Alas! Flight 3 of the SpaceX Falcon 1 vehicle ended with the loss of the vehicle. The flight seemed to be going well until shortly before stage separation. This is the moment when the first stage shuts down and is jettisoned, then the second stage begins firing. The live video stream from the rocket was cut off about 2:11 into the flight. A few seconds later the SpaceX announcer said there had been an anomaly. In a statement to his employees and the general public a short while later, Elon Musk said there had been a stage separation failure. We have no other information at this time, although speculation has been rampant in the blogosphere.
When something like this happens the blogosphere is always full of naysayers. I can't resist a few comments of my own. First, it is true this is a serious failure for the company. This flight didn't get as far as the last one, which doesn't look good. We have yet to learn how their customers will react to the failure. It is definitely a significant setback. Musk says he has brought in new investors and his cash position is very strong. He thinks he can weather the crisis. I still wouldn't bet against him.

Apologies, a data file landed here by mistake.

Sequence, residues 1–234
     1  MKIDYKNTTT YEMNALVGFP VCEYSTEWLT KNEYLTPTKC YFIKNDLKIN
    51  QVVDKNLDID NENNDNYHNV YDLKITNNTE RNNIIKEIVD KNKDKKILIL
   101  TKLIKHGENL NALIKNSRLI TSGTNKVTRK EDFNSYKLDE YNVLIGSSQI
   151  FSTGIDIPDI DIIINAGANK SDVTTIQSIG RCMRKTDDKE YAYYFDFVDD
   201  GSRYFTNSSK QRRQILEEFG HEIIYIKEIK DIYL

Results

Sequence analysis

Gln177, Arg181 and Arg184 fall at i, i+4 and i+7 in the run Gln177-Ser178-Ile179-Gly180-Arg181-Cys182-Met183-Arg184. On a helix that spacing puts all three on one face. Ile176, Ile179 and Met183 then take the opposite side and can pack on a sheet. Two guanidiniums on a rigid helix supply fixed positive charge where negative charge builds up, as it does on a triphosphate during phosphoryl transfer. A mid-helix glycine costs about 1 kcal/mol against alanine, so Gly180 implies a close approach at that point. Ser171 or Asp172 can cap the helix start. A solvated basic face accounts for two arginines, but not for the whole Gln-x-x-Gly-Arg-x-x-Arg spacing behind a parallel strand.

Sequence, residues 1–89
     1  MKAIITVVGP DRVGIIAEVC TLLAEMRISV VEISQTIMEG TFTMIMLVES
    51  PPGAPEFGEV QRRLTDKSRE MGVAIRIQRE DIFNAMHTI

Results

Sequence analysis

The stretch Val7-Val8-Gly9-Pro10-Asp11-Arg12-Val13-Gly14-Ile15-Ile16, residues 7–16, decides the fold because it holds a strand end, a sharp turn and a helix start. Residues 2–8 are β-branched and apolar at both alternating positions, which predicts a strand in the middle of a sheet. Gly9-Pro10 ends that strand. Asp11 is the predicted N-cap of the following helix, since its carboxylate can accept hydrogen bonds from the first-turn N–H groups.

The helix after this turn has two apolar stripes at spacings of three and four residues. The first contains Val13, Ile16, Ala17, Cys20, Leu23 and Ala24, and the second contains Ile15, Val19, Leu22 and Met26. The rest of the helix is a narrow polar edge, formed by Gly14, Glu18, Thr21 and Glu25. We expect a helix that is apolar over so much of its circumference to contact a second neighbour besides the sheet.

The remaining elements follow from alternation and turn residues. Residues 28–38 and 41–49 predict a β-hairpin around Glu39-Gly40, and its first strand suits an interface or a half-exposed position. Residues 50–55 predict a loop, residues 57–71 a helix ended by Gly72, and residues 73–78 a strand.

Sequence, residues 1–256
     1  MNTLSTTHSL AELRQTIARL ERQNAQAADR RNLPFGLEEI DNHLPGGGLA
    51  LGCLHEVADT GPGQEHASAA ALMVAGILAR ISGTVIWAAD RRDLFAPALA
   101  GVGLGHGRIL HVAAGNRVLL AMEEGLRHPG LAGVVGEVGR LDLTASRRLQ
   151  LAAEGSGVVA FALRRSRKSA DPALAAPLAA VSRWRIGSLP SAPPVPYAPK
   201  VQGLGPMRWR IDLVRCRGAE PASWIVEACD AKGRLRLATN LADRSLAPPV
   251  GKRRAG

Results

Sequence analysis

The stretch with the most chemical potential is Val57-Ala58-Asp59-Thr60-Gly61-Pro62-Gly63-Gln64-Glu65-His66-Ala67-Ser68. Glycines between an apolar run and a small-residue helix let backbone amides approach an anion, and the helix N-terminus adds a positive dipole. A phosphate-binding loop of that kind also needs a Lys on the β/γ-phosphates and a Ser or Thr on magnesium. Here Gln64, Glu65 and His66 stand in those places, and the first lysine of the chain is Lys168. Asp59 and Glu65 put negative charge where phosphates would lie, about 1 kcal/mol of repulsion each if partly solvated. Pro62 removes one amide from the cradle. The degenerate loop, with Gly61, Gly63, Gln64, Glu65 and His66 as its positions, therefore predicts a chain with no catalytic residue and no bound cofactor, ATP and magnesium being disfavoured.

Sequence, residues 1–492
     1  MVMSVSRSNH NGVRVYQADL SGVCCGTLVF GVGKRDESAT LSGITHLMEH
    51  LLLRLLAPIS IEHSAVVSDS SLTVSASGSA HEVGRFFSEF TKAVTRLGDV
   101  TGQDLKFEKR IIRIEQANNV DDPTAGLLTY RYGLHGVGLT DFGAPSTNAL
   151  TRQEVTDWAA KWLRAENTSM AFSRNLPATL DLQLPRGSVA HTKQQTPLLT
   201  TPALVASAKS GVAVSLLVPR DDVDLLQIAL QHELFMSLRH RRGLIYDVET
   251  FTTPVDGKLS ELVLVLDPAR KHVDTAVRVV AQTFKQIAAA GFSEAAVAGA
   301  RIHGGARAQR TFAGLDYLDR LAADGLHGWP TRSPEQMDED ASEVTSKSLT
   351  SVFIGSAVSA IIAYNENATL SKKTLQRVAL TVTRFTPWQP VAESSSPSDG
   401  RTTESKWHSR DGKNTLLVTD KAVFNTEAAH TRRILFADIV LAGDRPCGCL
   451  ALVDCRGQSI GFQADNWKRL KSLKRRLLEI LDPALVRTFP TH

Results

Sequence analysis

Many of the naysayers appear to be part of the traditional aerospace industry and it seems almost as if they are hoping SpaceX will fail. They seem to be motivated by a desire to prove that no one can improve on their own track record. They would like to think that it is always going to take billions of dollars and an army of thousands to develop new spacecraft. But look at what SpaceX has already accomplished. With a total workforce of 525 people and no more than about $250 million expended so far, they have developed one small launch vehicle (Falcon 1), are well along in development of a medium lift vehicle (Falcon 9) and are working on a spacecraft that will dock with the International Space Station (Dragon). All that would have cost the Europeans about $5 billion!! Even Lockheed-Martin or Boeing would have spent far more. SpaceX can afford to lose several more Falcon 1 vehicles as they perfect their systems and still be way ahead of what anyone else has done in terms of cost efficiency. I really think the big boys better be looking in their rearview mirrors!